Archives for category: Students

William Doyle and Pasi Sahlberg have a proposal for what children should do after the pandemic: Play.

They write at CNN.com:

When the novel coronavirus is no longer as great a threat and schools finally reopen, we should give children the one thing they will need most after enduring months of isolation, stress, physical restraint and woefully inadequate, screen-based remote learning. We should give them playtime — and lots of it.William Doyle William Doyle Pasi SahlbergPasi SahlbergAs in-person classes begin, education administrators will presumably follow the safety guidelines of health authorities for smaller classes, staggered schedules, closing or regularly cleaning communal spaces with shared equipment, regular health checks and other precautions. But despite the limitations this may place on the students’ physical environment, schools should look for safe ways to supercharge children’s learning and well-being.We propose that schools adopt a 90-day “golden age of play,” our term for a transitional period when traditional academic education.

Play gives children a wide range of critical cognitive, physical, emotional and social benefits. The American Academy of Pediatrics, representing the nation’s 67,000 children’s doctors, stated in a 2012 clinical report that “play, in all its forms, needs to be considered as the ideal educational and developmental milieu for children,” including for children in poverty, and noted that “the lifelong success of children is based on their ability to be creative and to apply the lessons learned from playing.

“The Centers for Disease Control and Prevention (CDC) has also reported “substantial evidence that physical activity can help improve academic achievement,” and “can have an impact on cognitive skills and attitudes and academic behavior,” including concentration and attention. Regular physical activity like recess and physical education, the CDC researchers noted, also “improves self-esteem, and reduces stress and anxiety.”

This is especially relevant for a student population that may face a tidal wave of mental health challenges in the wake of the pandemic. Data from the CDC’s Morbidity and Mortality Weekly Report detailed that, as of 2016, 1 in 6 children ages 2 to 8 years of age had a diagnosed mental, behavioral or developmental disorder. And a study in the Journal of Abnormal Psychology revealed that from 2009 to 2017, depression surged 69% among 16- to 17-year-olds.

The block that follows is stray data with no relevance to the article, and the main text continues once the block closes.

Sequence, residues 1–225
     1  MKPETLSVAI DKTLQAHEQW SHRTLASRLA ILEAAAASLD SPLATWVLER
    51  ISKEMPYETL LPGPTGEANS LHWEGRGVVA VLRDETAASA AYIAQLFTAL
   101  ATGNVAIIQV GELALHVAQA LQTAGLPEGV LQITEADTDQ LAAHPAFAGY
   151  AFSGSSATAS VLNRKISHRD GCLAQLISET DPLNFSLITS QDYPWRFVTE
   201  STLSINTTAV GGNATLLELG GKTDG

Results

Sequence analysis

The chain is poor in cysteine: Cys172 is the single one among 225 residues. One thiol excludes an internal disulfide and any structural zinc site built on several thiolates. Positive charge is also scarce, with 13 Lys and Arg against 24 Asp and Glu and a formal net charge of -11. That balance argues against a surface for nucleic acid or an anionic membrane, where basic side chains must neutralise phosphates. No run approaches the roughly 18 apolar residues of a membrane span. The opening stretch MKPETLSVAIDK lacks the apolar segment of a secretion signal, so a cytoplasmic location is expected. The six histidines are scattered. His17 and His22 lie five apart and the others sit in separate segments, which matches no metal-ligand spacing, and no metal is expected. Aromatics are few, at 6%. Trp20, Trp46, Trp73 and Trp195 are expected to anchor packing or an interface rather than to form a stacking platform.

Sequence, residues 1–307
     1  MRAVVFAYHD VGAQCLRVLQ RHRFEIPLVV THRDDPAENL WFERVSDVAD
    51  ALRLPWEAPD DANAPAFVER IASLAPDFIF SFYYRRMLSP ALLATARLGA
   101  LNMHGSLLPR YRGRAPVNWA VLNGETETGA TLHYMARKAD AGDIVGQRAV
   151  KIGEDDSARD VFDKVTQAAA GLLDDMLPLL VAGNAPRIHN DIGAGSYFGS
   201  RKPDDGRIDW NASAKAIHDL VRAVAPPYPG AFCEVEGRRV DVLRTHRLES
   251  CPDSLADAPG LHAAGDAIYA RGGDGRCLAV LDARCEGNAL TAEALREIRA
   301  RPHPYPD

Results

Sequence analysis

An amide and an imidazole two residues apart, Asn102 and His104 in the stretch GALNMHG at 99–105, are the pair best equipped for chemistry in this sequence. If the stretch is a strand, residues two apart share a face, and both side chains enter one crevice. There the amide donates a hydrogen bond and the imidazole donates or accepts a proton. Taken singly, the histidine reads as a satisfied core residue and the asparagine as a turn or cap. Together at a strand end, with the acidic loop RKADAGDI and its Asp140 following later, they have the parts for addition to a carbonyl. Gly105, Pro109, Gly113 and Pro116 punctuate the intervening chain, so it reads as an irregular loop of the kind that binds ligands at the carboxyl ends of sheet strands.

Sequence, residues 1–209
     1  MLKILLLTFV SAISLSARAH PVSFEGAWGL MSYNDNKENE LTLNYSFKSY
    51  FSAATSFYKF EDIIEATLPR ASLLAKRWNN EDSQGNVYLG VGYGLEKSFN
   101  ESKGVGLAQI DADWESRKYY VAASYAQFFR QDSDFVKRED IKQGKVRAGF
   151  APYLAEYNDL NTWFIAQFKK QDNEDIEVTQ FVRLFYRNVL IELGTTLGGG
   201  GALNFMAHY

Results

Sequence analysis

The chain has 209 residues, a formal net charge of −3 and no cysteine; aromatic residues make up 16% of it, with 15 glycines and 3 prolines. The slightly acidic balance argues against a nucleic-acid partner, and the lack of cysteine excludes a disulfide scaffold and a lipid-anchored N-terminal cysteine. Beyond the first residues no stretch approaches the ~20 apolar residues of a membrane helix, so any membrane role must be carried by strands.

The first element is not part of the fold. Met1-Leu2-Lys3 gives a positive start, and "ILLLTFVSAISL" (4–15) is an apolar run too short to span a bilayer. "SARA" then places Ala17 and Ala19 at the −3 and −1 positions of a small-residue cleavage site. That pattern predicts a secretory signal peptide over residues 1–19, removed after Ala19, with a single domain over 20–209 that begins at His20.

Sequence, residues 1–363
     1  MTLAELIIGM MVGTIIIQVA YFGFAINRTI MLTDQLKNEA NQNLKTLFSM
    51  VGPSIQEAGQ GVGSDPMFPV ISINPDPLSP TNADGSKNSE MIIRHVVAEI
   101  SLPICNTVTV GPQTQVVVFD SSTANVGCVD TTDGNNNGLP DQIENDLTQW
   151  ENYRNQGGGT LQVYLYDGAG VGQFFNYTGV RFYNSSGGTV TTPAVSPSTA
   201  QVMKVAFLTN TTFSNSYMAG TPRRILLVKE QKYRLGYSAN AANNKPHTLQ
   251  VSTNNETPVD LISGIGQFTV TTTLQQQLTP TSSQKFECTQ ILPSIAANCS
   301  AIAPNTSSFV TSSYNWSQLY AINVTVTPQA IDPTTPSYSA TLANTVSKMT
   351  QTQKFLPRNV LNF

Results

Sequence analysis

A 90-day “golden age of play” school re-entry period would help ease children back into the school setting, while providing physical and creative outlets to allow them to calm their stress and thrive with their peers and teachers. But what exactly would this program look like?It should look like a child’s dreams. A time of joy, movement, discovery and experimentation without fear of failure; a time when every student should enjoy comfort, safety, and socialization with peers and warm, caring adults.

Open the link and read the rest.


Teresa Thayer Snyder was superintendent of the Voorheesville district in upstate New York. She wrote this wise and insightful essay on her Facebook page. A friend sent it to me.

Dear Friends and Colleagues:

I am writing today about the children of this pandemic. After a lifetime of working among the young, I feel compelled to address the concerns that are being expressed by so many of my peers about the deficits the children will demonstrate when they finally return to school. My goodness, what a disconcerting thing to be concerned about in the face of a pandemic which is affecting millions of people around the country and the world. It speaks to one of my biggest fears for the children when they return. In our determination to “catch them up,” I fear that we will lose who they are and what they have learned during this unprecedented era. What on earth are we trying to catch them up on? The models no longer apply, the benchmarks are no longer valid, the trend analyses have been interrupted. We must not forget that those arbitrary measures were established by people, not ordained by God. We can make those invalid measures as obsolete as a crank up telephone! They simply do not apply.